A new report from the Government Accountability Office (GAO) details how space programs within the U.S. Department of Defense can save money, get to orbit faster, and deter attacks by launching payloads onboard commercial satellites. Doing so foregoes research and development for a dedicated government satellite and spreads capabilities across more spacecraft to protect against major system failures.

The DoD has used the commercially hosted payload method just three times before, resulting in significant savings each time. In 2011, C4ISRNet reports, the Air Force saved an estimated $300 million by launching an infrared sensor called CHIRP on a commercial satellite. In 2017, the branch saved roughly $230 million with REACH, an environmental assessment payload that tests space radiation on 32 Iridium NEXT satellites. Three more commercially hosted payload missions are scheduled before 2022, including projects from the Missile Defense Agency and the Defense Advanced Research Projects Agency.

Despite the success of this acquisition model to date, the GAO report cites skepticism within the DoD resulting from a perception that matching government payloads to commercial satellite logistics is too difficult, as well as generally fragmented knowledge about mission results and challenge mitigation.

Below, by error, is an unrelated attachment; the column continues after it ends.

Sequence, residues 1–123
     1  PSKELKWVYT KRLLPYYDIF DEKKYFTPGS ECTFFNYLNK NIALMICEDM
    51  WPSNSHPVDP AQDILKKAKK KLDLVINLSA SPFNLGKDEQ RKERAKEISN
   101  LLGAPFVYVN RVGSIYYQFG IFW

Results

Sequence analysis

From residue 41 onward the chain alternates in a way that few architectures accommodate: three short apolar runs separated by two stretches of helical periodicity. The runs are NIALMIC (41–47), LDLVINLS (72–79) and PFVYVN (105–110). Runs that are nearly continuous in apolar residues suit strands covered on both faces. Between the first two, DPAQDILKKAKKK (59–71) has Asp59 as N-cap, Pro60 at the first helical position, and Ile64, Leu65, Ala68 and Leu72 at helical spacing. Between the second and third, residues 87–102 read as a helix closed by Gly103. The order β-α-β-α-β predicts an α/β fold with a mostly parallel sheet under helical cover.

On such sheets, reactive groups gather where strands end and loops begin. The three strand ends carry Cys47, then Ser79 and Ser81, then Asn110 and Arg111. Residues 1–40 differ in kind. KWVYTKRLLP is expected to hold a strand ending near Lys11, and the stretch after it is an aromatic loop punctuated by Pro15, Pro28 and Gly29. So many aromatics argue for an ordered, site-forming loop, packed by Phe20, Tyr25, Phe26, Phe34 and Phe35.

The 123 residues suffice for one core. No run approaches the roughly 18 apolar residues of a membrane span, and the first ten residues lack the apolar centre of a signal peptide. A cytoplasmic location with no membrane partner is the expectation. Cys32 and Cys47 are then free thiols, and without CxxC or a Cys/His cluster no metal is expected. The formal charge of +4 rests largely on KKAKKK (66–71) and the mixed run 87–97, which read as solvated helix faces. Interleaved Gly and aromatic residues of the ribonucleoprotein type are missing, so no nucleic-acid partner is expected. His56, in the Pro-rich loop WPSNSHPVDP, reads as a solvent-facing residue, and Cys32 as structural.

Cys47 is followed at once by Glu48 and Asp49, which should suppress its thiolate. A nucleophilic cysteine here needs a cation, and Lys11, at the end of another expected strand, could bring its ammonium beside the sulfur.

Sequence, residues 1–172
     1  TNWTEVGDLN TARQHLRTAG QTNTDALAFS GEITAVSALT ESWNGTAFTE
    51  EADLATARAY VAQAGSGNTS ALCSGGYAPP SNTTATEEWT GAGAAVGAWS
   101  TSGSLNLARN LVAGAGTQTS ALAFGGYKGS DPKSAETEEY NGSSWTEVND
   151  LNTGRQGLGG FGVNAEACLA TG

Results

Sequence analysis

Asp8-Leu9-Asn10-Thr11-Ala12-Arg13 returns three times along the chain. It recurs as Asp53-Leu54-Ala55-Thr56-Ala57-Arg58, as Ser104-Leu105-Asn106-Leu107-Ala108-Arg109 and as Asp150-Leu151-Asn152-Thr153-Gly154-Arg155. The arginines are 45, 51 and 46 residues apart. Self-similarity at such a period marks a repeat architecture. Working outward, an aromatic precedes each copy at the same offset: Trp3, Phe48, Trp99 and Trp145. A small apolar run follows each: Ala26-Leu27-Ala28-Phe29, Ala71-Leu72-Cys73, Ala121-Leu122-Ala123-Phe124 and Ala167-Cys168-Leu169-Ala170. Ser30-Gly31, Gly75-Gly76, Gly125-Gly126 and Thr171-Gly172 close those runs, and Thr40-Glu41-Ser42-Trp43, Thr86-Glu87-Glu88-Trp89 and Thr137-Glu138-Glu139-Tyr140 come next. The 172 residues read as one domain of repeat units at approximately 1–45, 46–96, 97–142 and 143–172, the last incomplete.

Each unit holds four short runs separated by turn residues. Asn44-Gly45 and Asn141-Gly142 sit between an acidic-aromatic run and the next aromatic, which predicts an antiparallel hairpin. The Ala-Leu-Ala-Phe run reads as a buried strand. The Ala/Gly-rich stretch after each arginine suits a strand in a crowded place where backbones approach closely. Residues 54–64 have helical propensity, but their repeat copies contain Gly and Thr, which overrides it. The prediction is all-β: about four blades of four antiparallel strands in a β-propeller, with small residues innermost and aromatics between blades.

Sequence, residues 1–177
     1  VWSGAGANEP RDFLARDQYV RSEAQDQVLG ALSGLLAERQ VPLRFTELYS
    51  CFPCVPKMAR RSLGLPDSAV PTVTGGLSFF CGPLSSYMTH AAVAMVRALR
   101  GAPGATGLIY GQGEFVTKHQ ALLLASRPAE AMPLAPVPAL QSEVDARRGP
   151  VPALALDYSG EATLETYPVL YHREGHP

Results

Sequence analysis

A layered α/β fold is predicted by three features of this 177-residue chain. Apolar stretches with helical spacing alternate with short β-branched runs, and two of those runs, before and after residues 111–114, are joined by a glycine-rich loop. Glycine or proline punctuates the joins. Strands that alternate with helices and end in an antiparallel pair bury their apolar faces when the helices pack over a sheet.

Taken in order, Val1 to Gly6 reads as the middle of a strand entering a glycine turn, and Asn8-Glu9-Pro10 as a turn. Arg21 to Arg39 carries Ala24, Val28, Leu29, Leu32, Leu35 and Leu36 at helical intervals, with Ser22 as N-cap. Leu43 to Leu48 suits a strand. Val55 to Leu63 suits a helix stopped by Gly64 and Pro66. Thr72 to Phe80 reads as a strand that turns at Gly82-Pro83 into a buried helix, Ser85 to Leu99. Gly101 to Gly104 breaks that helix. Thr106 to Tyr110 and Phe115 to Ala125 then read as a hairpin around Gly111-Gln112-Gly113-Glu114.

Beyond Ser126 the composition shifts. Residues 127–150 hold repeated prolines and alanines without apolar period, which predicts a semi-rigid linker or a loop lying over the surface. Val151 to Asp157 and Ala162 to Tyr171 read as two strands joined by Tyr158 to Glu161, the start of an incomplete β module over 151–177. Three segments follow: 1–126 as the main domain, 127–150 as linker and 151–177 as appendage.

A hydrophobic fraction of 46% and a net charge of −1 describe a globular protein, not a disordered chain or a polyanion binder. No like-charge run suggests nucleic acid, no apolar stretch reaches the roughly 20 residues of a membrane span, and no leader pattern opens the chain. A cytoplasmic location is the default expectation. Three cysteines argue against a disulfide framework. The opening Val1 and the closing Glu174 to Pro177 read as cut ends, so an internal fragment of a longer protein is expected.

The report serves as GAO’s official call for the DoD to establish regulations requiring programs that use hosted payloads agency-wide to collect technical data and lessons learned from those missions and consolidate that information in a central location for analysis. A potential option for such a location is the Air Force’s Hosted Payload Office, established in 2011 to provide advice and facilitate matching between government missions and commercial hosts. This would “better position DoD to make informed decisions when considering acquisition approaches for upcoming space system designs,” and would likely promote commercially hosted missions going forward. The DoD “concurred with our recommendation,” the GAO notes in its report.

The DoD is now promoting launch-as-a-service in the commercial sector through a Launch Challenge hosted by DARPA, which will test industry’s ability to send multiple payloads to space on short notice. If responsive launch becomes a reality for commercial satellite companies in the near future, there would likely be a considerable spike in the DoD’s contracting of commercial hosts to bring military and defense capabilities to space.

Headline Image: The Air Force’s Commercially Hosted Infrared Payload. Photo Credit: Hosted Payload Alliance

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Posted by Andrew Foerch